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The Rogak Report: 10 Apr 2006 ** Coverage - Late Notice **

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  • Lawrence Rogak
    DESPITE PATRON S ASSERTION THAT SHE HAD FALLEN OVER HER OWN SHOELACES, DINER IS HELD TO HAVE FORFEITED COVERAGE DUE TO LATE NOTICE Kambousi Restaurant Inc.,
    Message 1 of 1 , Apr 9, 2006
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      DESPITE PATRON'S ASSERTION THAT SHE HAD FALLEN OVER HER OWN
      SHOELACES, DINER IS HELD TO HAVE FORFEITED COVERAGE DUE TO LATE NOTICE

      Kambousi Restaurant Inc., t/a Royal Coach Diner v. Burlington
      Insurance Co. Index no. 18235/2004 (Supreme Court, Bronx County)
      (BARONE, j)

      In a surprising decision, this Court held that a restaurant which did
      not report an incident in which a patron fell, because the patron
      told the manager she fell over her own shoelaces, violated the timely
      notice provision of its insurance policy and thereby forfeited
      coverage.

      This was a declaratory judgment action brought by Kambousi Restaurant
      Inc. The "undisputed facts" were that on October 25, 2003 a person
      came into the diner and told the manager, Randazzo, that a woman had
      fallen in the parking lot.

      The manager went out to investigate. He saw a woman sitting on the
      ground with a man he assumed was her husband. The man informed him
      that the woman had tripped over her shoelaces, that there was nothing
      to worry about and that he had called an ambulance.

      The woman then apologized and said she was clumsy and had fallen. The
      manager told them he needed to make a report and went in to the
      diner. When he returned all were gone and he was unable to write a
      report.

      In April of 2004 Kambousi became aware of a possible lawsuit against
      it brought by Racquel Recard based on the October 25, 2003 incident.
      Kambousi then notified Burlington.

      The Court held that "While Mr. Randazzo's actions after the incident
      were understandable the law of New York requires that he and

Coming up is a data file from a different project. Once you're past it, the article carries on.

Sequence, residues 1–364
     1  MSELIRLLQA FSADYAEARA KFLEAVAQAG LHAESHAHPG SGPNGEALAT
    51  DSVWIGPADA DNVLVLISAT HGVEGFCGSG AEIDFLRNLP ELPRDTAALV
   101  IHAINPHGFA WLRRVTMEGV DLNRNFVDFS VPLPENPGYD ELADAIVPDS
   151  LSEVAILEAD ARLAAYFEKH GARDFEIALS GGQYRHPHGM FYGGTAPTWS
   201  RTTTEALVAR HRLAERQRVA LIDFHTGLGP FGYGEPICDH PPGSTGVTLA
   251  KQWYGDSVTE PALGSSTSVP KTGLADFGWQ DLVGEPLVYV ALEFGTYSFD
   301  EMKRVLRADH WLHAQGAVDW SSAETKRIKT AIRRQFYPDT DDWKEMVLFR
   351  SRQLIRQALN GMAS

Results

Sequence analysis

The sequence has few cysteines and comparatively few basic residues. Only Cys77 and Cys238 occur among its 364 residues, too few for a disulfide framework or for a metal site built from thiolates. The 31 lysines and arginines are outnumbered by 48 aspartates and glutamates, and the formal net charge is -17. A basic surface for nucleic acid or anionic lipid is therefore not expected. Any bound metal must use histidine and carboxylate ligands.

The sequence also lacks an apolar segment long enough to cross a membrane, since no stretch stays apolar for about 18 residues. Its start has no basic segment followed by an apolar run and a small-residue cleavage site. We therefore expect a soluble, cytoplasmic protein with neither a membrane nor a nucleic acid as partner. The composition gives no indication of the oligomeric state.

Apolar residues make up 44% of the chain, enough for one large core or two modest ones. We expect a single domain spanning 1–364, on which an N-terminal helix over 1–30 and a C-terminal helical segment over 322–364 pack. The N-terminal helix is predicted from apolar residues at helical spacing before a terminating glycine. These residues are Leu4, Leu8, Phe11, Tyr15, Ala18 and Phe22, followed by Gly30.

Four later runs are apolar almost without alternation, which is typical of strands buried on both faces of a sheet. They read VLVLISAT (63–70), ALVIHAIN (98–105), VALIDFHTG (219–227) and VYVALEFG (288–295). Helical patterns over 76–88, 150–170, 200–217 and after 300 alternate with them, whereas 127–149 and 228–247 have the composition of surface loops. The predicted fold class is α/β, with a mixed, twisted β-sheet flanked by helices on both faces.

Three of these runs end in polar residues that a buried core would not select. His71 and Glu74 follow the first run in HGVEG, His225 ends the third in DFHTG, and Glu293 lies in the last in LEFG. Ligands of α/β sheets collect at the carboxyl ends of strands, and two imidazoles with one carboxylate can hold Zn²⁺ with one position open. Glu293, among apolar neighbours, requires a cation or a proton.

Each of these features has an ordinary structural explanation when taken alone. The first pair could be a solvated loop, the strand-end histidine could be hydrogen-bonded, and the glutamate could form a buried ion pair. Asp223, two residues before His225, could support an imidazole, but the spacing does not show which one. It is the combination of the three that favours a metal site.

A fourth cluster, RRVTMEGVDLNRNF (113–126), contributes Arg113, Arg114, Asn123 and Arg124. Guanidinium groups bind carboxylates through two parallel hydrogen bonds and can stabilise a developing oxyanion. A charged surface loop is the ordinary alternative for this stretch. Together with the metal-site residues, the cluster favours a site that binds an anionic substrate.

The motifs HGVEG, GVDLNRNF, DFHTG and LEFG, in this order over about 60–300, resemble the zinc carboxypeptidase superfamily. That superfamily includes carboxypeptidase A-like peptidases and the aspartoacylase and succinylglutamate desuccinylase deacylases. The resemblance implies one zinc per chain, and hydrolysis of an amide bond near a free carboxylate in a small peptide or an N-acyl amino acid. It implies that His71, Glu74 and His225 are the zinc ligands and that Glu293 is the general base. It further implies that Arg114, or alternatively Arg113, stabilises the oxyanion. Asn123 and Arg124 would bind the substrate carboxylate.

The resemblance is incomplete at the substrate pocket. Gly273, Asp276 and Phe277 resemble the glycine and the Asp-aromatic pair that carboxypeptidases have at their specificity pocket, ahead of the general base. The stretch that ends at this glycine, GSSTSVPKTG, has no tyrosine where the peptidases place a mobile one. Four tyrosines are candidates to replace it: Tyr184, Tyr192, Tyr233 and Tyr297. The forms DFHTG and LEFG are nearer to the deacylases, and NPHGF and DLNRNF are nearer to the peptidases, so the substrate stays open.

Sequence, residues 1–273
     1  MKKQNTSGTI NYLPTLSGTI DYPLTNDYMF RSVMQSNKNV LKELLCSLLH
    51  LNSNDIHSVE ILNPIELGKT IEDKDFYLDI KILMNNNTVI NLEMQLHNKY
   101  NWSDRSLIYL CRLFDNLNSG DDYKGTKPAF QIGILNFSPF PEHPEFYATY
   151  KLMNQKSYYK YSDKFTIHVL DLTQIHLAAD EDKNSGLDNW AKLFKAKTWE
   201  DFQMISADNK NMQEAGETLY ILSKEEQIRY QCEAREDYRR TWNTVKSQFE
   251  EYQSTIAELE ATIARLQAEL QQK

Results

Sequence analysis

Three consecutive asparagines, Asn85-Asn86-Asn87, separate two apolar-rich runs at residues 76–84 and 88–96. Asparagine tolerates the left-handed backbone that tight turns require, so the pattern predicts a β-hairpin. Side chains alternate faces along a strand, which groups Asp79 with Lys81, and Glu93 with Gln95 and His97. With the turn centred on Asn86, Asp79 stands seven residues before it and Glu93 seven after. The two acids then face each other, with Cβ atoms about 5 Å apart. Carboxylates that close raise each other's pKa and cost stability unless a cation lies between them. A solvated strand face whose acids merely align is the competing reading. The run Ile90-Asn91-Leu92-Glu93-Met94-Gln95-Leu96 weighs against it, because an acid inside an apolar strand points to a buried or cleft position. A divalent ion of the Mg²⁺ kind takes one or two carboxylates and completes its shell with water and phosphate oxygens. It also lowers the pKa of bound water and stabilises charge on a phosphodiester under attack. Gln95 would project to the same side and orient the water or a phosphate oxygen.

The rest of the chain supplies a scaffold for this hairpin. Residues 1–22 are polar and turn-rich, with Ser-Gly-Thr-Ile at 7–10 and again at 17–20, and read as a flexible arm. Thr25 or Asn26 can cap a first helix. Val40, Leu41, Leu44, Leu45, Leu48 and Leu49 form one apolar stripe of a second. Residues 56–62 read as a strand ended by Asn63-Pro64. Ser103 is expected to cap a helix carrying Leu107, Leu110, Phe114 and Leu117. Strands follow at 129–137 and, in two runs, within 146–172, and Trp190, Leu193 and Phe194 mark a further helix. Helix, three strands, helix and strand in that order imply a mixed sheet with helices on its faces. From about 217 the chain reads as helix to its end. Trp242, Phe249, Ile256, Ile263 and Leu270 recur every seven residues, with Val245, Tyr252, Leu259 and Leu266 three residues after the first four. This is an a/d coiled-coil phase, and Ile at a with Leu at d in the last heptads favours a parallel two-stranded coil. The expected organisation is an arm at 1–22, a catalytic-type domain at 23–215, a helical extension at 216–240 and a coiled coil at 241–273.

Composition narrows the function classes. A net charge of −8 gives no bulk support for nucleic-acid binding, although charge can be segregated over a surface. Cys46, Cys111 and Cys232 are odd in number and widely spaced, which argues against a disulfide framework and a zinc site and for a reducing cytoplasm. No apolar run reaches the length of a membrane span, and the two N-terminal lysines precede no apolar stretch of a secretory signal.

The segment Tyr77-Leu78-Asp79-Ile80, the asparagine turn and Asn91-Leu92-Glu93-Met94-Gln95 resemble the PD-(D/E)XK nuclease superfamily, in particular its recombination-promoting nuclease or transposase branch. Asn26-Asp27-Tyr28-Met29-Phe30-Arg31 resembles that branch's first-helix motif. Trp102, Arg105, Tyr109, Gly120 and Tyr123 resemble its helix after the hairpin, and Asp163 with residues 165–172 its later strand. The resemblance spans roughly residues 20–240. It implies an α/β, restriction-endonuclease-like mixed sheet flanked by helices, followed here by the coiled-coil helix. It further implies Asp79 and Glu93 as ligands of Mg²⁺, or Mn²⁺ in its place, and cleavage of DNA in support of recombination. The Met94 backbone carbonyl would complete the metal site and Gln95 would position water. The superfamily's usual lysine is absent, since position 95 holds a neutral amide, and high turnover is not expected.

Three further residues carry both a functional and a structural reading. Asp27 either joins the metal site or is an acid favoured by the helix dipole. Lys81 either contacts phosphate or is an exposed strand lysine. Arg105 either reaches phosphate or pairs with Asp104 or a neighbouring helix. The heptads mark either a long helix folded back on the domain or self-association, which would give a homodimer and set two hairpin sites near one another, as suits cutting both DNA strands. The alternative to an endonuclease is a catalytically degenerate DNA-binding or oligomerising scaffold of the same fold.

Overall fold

plaintiff should have done more. Specifically his legal obligation
      was to notify his employer of the incident and his employer should
      have then notified Burlington. The failure to do so in a timely
      manner relieved Burlington of its duty to defend and indemnify."

      "The policy which Burlington issued to Kambousi contained the
      standard requirement that the insured notify the insurer as soon 'as
      practicable' of an 'occurrence'. This notice requirement has
      consistently been interpreted strictly against the insured by the New
      York Court of Appeals. Specifically the notice provision of an
      insurance policy is deemed to be a condition precedent to coverage
      under the policy even when no other prejudice can be shown."

      "There may be circumstances such as lack of knowledge that an
      accident has occurred or a reasonable belief in non liability that
      will excuse or explain delay in giving notice but the insured has the
      burden of showing reasonableness of such excuse. The reason cited by
      the courts for this strict rule is that absent timely notice, an
      insurer may be deprived of the opportunity to investigate a claim.
      Late notification may also prevent the insurer from providing a
      sufficient reserve fund."

      "Kambousi notified Burlington five months after the occurrence. This
      does not constitute timely notification in New York. A delay of 21
      days was held to be untimely, Rushing v. Commercial Casualty Ins.
      Co., 25 NY 302 (Cardozo, J.) and a ten day delay was ruled not to be
      timely notice under the circumstances therein. Haas Tobacco Co. v.
      American Fidelity 226 NY 343."

      "When applied to the facts of this case New York precedent requires
      Kambousi to have responded more expeditiously. Mr. Randazzo was aware
      that an incident had occurred. He was also informed that an ambulance
      had been called. In order for Kambousi to claim indemnification under
      its policy with Burlington, Mr. Randazzo was required to immediately
      notify his employer and the employer then had an obligation to notify
      the insurer. The employee's initial failure is attributable to the
      employer."

      Summary judgment was granted to Burlington.

      Comment: In all fairness, I think this decision is wrong. The Court
      here acknowledges that a reasonable belief in a lack of liability
      will excuse late notice, but obviously does not agree that a person's
      statement that she fell over her own shoelaces in the parking lot
      would make a reasonable person come to the conclusion that there was
      no liability. I disagree. When a person says they fell over their
      own shoelaces in the parking lot, it is reasonable to conclude that
      there is no liability on the part of the premises owner.
      Nonetheless, this decision will stand unless overturned on appeal.

      Larry Rogak
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